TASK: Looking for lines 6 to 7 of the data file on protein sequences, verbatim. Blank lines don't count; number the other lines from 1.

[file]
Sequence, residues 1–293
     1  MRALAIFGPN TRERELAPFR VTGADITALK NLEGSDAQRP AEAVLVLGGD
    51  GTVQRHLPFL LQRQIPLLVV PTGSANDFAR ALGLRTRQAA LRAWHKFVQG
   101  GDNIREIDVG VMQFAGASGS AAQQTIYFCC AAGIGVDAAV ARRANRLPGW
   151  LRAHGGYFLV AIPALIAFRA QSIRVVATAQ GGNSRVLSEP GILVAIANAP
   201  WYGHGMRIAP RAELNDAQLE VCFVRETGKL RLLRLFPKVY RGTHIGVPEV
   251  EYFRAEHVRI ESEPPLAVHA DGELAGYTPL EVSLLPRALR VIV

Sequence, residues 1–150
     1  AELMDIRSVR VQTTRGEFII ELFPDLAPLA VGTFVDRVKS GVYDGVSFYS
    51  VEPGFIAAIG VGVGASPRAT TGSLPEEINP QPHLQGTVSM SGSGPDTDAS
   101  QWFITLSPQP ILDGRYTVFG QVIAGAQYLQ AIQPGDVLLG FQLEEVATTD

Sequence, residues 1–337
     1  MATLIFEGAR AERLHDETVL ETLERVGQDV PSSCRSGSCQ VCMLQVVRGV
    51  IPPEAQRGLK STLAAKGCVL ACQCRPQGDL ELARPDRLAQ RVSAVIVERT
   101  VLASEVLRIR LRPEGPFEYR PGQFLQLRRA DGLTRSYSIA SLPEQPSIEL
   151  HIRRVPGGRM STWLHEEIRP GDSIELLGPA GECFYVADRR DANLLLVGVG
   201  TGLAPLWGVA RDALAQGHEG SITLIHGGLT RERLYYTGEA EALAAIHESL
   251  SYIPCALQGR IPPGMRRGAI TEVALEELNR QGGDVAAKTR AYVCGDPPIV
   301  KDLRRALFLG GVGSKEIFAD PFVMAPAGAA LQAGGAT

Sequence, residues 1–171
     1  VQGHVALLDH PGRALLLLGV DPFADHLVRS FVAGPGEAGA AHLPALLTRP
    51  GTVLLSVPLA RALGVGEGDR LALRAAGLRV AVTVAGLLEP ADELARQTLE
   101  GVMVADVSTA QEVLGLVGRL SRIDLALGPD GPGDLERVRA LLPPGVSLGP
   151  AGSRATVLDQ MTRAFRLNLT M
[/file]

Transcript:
   201  WYGHGMRIAP RAELNDAQLE VCFVRETGKL RLLRLFPKVY RGTHIGVPEV
   251  EYFRAEHVRI ESEPPLAVHA DGELAGYTPL EVSLLPRALR VIV